Impact of Gst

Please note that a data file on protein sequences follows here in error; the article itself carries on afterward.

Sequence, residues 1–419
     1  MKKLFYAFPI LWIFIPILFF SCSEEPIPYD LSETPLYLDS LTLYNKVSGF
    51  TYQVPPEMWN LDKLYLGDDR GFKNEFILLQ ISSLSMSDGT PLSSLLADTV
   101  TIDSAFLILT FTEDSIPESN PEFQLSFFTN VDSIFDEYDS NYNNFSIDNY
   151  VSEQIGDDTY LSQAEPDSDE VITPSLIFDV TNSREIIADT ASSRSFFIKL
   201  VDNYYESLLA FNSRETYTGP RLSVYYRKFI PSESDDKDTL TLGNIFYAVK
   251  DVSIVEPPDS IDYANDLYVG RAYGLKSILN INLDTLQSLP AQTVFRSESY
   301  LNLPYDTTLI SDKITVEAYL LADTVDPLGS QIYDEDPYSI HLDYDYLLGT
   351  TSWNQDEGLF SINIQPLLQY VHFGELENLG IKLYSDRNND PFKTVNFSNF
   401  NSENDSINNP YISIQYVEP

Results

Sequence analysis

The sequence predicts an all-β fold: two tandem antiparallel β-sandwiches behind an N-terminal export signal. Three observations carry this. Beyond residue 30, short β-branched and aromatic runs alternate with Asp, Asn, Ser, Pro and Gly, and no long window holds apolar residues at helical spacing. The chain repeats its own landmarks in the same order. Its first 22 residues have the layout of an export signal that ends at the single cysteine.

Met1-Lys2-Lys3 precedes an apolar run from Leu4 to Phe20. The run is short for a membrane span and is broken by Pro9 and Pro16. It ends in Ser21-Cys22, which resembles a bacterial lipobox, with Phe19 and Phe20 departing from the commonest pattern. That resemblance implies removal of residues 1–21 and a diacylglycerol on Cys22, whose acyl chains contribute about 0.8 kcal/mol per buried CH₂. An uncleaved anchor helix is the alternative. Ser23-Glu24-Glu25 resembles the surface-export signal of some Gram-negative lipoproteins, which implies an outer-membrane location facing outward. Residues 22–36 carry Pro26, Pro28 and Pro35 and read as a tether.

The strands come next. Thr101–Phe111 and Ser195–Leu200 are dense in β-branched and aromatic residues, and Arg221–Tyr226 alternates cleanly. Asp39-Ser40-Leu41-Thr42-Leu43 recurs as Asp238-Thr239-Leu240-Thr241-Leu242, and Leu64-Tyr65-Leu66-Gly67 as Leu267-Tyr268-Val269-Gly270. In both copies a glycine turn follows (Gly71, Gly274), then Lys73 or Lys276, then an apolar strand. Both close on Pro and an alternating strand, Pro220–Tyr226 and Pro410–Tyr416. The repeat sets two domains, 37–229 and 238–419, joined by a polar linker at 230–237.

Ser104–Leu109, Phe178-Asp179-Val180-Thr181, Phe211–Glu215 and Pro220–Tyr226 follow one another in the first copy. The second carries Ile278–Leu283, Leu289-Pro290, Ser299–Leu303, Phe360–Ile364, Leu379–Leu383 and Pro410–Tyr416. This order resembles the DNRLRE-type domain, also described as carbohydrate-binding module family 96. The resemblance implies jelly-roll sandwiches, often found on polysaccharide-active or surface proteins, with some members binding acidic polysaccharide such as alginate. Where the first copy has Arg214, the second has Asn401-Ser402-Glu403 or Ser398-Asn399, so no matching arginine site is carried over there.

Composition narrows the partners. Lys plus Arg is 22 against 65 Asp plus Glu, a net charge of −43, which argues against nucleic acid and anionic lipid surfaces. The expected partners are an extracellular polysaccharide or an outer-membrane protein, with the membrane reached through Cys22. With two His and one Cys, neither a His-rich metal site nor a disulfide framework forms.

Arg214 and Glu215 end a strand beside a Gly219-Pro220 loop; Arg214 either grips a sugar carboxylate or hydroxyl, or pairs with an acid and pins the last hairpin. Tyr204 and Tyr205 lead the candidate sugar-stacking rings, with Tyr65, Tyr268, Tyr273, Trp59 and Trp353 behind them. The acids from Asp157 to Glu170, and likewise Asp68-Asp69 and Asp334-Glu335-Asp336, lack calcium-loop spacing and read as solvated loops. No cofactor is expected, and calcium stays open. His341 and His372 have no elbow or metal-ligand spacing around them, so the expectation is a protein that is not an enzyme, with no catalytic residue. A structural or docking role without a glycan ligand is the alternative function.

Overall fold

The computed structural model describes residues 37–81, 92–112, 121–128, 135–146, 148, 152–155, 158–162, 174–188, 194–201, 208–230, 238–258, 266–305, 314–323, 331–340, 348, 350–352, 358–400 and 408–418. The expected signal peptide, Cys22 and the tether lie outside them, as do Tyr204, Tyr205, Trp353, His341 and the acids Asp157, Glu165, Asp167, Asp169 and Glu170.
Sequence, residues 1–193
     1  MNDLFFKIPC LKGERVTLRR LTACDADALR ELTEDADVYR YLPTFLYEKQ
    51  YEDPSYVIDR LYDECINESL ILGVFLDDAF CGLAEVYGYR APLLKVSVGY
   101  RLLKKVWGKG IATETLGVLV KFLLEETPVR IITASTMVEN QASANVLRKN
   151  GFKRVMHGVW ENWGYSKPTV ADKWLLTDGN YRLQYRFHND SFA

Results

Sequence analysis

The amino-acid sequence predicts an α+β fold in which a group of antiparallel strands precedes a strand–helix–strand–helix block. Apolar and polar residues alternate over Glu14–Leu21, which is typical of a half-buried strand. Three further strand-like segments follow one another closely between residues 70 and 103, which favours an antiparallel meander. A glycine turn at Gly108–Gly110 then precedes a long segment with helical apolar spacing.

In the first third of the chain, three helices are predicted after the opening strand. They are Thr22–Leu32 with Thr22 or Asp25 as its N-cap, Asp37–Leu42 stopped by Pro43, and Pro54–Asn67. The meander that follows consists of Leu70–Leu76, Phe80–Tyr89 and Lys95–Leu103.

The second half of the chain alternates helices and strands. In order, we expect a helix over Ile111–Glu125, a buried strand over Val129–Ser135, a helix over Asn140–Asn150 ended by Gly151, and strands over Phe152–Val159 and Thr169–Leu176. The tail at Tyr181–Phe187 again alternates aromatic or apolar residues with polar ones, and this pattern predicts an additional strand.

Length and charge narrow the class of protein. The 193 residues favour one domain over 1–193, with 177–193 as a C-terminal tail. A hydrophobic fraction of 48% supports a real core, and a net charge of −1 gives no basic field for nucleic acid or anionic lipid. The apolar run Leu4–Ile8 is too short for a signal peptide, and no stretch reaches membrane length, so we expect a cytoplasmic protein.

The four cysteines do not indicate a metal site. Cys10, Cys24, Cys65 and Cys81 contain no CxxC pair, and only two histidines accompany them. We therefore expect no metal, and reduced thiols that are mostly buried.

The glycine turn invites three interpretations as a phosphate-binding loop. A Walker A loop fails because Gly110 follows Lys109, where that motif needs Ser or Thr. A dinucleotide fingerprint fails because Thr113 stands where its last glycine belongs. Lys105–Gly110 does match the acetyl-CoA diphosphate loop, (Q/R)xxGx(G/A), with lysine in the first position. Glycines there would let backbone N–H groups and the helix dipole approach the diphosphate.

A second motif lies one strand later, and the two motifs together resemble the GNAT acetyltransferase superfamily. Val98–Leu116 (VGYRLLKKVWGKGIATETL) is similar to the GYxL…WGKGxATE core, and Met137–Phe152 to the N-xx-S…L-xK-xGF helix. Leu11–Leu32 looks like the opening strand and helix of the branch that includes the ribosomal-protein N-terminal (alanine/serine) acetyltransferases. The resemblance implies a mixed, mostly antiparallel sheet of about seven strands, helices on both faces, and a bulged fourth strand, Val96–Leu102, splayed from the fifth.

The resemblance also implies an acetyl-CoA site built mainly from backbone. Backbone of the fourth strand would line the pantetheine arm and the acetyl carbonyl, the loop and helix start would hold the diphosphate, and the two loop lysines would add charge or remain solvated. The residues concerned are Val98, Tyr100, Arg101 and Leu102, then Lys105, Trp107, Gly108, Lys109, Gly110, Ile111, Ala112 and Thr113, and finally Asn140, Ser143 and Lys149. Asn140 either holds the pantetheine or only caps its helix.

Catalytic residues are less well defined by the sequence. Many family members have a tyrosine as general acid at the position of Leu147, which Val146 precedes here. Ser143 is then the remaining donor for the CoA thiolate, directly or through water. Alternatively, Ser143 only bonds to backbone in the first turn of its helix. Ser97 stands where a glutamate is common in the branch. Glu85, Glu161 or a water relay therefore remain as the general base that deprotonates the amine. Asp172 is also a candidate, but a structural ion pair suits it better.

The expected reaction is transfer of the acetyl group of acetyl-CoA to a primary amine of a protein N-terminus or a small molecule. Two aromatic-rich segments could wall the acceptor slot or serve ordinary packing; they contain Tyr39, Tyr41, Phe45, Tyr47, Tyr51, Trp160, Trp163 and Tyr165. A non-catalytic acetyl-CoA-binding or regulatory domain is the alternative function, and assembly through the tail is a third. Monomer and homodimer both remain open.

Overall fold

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Indian FMCG sector with a market size of $13.1 billion is the fourth largest sector in the economy. A well established distribution network, intense competition between the organised and unorganised segments characterises the sector and makes it a unique sector. Even at the time of recession, growth in FMCG sector has not slowed down which makes it an important contributor for tax revenue. In fact, among the MNCs, their Indian arms have contributed more to parent entities than foreign counterparts because of the large market size and domestic consumption. This is one of the reasons why the government has never provided much direct incentives or benefits to this sector. From a tax perspective, FMCG sector has been constantly contributing at the highest rate to the government kitty, more so from the perspective of indirect tax on account of its nature of taxation which is levied on consumption rather than income. In India, indirect tax has a multiple tax structure — taxes at central level such as excise, service tax and customs, and taxes at state level such as VAT and entry tax. Further, there are local levies like octroi. On account of various taxes, the total tax impact on FMCGs is almost 20-30% which is among the highest in the world. From time to time, the government has provided certain benefits in the form of location incentive which has been utilised by the FMCG sector. For example, excise benefit granted in the state of Himachal Pradesh and Uttarakhand has made most of the FMCG companies to locate their manufacturing facility in the hilly states. These benefits were limited to companies that had set up their operations prior to March 31, 2010, due to which the companies were not able to expand their operations since the benefit would have not accrued to them. However, by a recent circular, the ambiguity has been cleared. Now, even expansion would be eligible for the benefit though the same would be restricted to the initial period of 10 years. This has brought a new lifeline to the FMCG sector, which would help them to expand their capacity. In addition to these multiple taxes, the real complexity for the sector is the variance in tax rates. Excise duty rate varies from 4% to 10%, and VAT rate varies from 4% to 15%. Further, what is more worrying is that there is no consistency of VAT rate for a same product in all the states. For example, health drink is taxable at 5% in Maharashtra, while the same product is taxable at 12.625% in Kerala. Though VAT was expected to have a unified tax rate system across the country, the same could not stand up to its expectation. Even after almost six years of the introduction of VAT, instead of moving forward from an ill-fated sales tax regime to a coherent VAT regime, we seem to be going backwards. The states have forgotten the basic principle of having standard tax rate across the nation. Most of the states have changed the agreed VAT rate of 4%/12.5% by either enhancing the VAT rate or toting up taxes in addition to VAT. Gujarat was the first state to increase the rate, followed by Andhra Pradesh, Haryana, New Delhi, Maharashtra and others. Also, there are various classification disputes which have not been settled under the VAT period. For example, whether ghee, which is used by both consumer and industries, can be classified under industrial input schedule? Also, whether entry for drugs and medicines would cover even medicated goods. Some states include the same while in other states the dispute continues. There are many such instances for which there is no answer. In such a scenario, tax authorities continue to levy tax on a whim and the industry has no alternative but to litigate with a hope that at some level good sense shall prevail. In addition to VAT and excise duty, there is Central sales tax. To trounce the CST impact, businesses have located themselves in each state, though the same was also done to get closer to customers. Presence of FMCG sector in almost all...
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